Did You Know?
In Elizabethan times, play-going audiences were a diverse bunch. In the upper gallery, the wealthier patrons fanned themselves and looked with disdain at those who could only afford the penny admission to the pit below. Pit spectators had to sit or stand in close proximity on the bare floor, exposed to the sweltering sun or the dampening rain. At times, they behaved less than decorously, and they reportedly emitted a less than pleasant odor. The pit was also called the ground; those in it were groundlings. Today, we use groundlings to refer not only to the less than couth among us, but also (often with some facetiousness) to ordinary Janes or Joes.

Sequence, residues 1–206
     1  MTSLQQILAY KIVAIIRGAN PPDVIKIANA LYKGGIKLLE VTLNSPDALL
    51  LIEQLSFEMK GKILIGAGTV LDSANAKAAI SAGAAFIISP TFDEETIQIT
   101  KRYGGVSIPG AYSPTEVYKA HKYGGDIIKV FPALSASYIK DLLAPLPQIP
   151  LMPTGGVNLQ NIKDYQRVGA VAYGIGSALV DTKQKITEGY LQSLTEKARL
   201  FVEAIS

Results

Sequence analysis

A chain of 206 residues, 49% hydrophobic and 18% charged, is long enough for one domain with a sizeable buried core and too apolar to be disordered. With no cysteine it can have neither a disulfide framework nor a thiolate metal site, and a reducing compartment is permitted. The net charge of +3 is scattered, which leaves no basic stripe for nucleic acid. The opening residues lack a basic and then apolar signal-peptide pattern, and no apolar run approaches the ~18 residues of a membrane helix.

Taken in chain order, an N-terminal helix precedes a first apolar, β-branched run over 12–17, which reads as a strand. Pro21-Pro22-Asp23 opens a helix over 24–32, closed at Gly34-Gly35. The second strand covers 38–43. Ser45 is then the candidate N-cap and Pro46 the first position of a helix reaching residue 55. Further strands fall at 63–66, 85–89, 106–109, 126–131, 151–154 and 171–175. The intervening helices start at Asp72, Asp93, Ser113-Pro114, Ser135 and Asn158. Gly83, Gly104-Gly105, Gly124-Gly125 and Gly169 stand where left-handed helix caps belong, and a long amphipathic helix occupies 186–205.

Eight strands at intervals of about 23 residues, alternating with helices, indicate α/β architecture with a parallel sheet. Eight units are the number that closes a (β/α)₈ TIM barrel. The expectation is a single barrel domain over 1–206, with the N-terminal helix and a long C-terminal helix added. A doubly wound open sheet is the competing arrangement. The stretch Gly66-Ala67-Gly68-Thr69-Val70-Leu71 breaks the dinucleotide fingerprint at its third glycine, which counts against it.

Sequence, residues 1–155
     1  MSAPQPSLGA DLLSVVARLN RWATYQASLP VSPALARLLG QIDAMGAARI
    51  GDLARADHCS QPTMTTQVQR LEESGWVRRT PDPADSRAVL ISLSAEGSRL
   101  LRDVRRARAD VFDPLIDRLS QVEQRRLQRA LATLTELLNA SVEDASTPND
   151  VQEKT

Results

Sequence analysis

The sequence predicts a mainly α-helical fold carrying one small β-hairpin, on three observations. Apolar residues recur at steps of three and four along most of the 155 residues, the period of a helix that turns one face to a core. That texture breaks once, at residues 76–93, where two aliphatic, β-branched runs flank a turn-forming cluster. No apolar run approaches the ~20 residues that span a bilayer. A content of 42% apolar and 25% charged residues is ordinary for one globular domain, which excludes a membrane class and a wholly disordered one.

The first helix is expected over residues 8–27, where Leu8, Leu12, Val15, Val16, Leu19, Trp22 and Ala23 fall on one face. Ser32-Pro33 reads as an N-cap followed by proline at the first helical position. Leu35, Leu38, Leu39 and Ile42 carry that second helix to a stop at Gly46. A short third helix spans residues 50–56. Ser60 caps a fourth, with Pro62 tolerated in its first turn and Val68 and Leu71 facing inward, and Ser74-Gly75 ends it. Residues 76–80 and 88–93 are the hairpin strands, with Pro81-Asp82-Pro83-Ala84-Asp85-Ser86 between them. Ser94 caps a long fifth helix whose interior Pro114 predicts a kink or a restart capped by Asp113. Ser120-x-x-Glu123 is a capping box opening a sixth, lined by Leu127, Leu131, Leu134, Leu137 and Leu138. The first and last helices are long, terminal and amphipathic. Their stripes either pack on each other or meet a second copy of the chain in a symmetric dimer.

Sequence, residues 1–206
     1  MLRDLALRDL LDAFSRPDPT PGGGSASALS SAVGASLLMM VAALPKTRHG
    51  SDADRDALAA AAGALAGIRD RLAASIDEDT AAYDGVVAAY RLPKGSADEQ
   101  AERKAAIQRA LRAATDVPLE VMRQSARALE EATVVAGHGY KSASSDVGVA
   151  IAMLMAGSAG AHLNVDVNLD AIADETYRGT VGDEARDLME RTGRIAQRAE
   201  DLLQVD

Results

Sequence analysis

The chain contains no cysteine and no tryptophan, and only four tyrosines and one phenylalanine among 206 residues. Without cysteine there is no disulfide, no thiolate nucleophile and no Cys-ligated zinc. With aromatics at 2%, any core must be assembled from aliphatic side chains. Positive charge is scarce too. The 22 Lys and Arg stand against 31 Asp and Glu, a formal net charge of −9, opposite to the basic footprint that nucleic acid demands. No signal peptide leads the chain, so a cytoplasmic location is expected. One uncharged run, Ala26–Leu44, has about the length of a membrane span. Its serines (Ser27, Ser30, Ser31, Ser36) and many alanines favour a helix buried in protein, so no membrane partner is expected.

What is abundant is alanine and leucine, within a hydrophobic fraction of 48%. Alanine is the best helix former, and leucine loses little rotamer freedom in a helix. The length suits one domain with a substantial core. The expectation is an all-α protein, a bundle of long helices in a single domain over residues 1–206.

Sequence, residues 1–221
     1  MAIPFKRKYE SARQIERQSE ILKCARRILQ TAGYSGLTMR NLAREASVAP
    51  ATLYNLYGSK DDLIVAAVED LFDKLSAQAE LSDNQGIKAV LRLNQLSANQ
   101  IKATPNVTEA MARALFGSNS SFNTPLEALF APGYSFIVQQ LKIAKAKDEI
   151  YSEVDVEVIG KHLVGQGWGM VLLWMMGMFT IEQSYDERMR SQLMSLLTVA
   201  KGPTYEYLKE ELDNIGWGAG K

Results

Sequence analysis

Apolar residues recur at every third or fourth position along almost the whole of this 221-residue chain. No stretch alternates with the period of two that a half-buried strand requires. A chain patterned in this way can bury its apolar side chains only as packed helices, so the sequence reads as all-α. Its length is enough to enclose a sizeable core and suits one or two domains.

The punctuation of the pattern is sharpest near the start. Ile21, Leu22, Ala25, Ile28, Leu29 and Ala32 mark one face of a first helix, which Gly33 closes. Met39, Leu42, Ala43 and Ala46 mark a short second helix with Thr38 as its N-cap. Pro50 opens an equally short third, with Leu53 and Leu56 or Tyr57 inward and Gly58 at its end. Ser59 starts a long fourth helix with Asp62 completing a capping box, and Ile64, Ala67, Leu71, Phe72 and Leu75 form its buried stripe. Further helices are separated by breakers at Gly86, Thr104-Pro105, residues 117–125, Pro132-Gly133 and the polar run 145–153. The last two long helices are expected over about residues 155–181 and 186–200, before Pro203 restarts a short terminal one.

First Known Use of groundling
Seen and Heard
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